More cardiologists embrace working for hospitals
■ A survey reports that they are giving up on independent practice because of financial concerns.
By Victoria Stagg Elliott — Posted Sept. 24, 2012
The percentage of cardiology practices owned by hospitals has tripled in five years, and nearly as many cardiologists work for hospitals as they do for themselves or other doctors, according to a survey released Sept. 10 by the American College of Cardiology.
The numbers reflect the difficulties independent groups are having staying financially viable, analysts said. “We are seeing this change because certain procedure codes have been bundled, which substantially reduced reimbursement,” said Jim Palazzo, who works with many cardiologists as the leader of the physician practice management business unit of Navigant, a global consulting firm. “Other key ones have been eliminated, and the financial pressures have mounted.”
The ACC survey of 2,520 practices, representing 21,373 cardiologists and 94,425 other physicians, found that 24% of groups were owned by hospitals in 2012, compared with 8% in 2007. The proportion with physician owners declined from 73% in 2007 to 60% in 2012. The percentage of cardiologists employed by hospitals grew from 11% to 35%, but those at physician-owned practices went down from 59% to 36%.
The survey found that 74% of physician-owned practices identified Medicare pay cuts as a significant business challenge, but this was true of only 56% of hospital-owned practices. Seventy percent of physician-owned practices said the overall payment environment was a business challenge, but only 49% of those owned by a hospital said the same.
“Whenever there is a shift like this because of a change in payment, it’s concerning to us,” ACC President William Zoghbi, MD, said. “We would like individual patients and physicians to have several options.”
The findings reflect patterns noted by other organizations, which have said physicians are increasingly seeking employment in hospitals because they believe it’s a more financially and personally stable situation than staying in small practices. The number of physicians and dentists with full-time jobs at community hospitals grew from 62,152 in 1998 to 91,282 in 2010, according to the American Hospital Assn.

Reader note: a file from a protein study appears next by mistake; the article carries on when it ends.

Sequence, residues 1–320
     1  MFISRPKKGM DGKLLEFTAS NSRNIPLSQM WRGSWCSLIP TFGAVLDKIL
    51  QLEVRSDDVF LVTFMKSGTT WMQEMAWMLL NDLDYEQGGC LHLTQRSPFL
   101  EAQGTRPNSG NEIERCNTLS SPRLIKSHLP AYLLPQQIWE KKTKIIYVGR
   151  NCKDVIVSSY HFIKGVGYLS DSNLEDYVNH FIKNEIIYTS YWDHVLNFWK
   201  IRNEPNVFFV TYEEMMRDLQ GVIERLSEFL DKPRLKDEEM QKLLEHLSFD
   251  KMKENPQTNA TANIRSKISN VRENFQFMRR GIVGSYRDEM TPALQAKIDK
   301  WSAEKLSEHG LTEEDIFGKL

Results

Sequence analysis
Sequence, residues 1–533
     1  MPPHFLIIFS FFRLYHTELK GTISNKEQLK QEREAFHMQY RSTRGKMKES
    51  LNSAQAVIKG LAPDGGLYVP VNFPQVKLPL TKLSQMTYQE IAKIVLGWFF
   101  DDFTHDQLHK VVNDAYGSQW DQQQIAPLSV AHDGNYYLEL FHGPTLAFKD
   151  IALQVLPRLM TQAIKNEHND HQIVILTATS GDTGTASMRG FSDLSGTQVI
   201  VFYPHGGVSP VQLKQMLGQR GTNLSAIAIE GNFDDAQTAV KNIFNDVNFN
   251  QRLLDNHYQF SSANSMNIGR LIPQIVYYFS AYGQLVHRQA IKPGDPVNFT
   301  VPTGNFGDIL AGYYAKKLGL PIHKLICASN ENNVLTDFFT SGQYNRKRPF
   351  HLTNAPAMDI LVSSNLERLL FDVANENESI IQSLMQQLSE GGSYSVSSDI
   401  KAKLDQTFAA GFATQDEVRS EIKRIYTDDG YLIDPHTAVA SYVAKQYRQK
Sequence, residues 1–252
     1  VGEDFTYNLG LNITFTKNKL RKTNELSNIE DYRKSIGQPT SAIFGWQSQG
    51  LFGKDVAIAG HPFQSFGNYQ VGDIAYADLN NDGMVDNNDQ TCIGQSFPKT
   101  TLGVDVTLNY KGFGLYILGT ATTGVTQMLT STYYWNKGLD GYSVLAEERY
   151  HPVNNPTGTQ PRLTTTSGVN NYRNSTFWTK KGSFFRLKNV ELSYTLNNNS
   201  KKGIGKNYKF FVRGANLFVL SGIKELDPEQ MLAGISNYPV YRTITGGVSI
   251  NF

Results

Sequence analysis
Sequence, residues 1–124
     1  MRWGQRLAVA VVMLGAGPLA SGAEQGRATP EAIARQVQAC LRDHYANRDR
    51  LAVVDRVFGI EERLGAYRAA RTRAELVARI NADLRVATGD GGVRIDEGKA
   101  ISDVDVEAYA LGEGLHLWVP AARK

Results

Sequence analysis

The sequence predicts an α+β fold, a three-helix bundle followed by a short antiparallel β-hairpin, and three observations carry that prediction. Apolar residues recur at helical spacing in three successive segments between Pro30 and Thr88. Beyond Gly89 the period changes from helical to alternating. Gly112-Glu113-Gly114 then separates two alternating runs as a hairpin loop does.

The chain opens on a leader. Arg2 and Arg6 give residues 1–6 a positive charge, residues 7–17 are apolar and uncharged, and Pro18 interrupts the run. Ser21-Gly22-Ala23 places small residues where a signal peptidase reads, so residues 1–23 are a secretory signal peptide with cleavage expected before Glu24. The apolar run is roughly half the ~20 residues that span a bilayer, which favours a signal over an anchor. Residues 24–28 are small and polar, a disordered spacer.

American Academy of Family Physicians data indicate that 43% of its members were employed by a hospital or health system in 2010. Numbers for prior years are not available.
Although physicians have been seeking out hospitals for greater stability, hospitals have been acquiring medical practices and hiring doctors as ways to have outpatient services replace revenue from declining inpatient need, prepare for health system reform and control referral patterns. August reports from Fitch Ratings and Moody’s Investors Service noted that nonprofit hospital finances had stabilized because of increasing physician employment.
The ACC survey results were issued in conjunction with the organization’s annual legislative conference in Washington and were used to advocate for several agenda items, including scrapping the sustainable growth rate formula used to set Medicare rates. The American Medical Association and many other organizations have long called for getting rid of the SGR. Unless Congress intervenes, the formula would lead to a 27% cut in Medicare rates on Jan. 1, 2013.
“Congress must eliminate the red tape so that physicians can focus on patients and not paperwork,” Dr. Zoghbi said. “We are asking members of Congress to finally repeal the flawed SGR formula, oppose unnecessary cuts to medical imaging services, and work with the health care community to test and implement new payment models outside of the current fee-for-service system. We are doing our part to ensure access to high-quality, cost-effective and patient-centered care. Now it’s time for Congress to do the same.”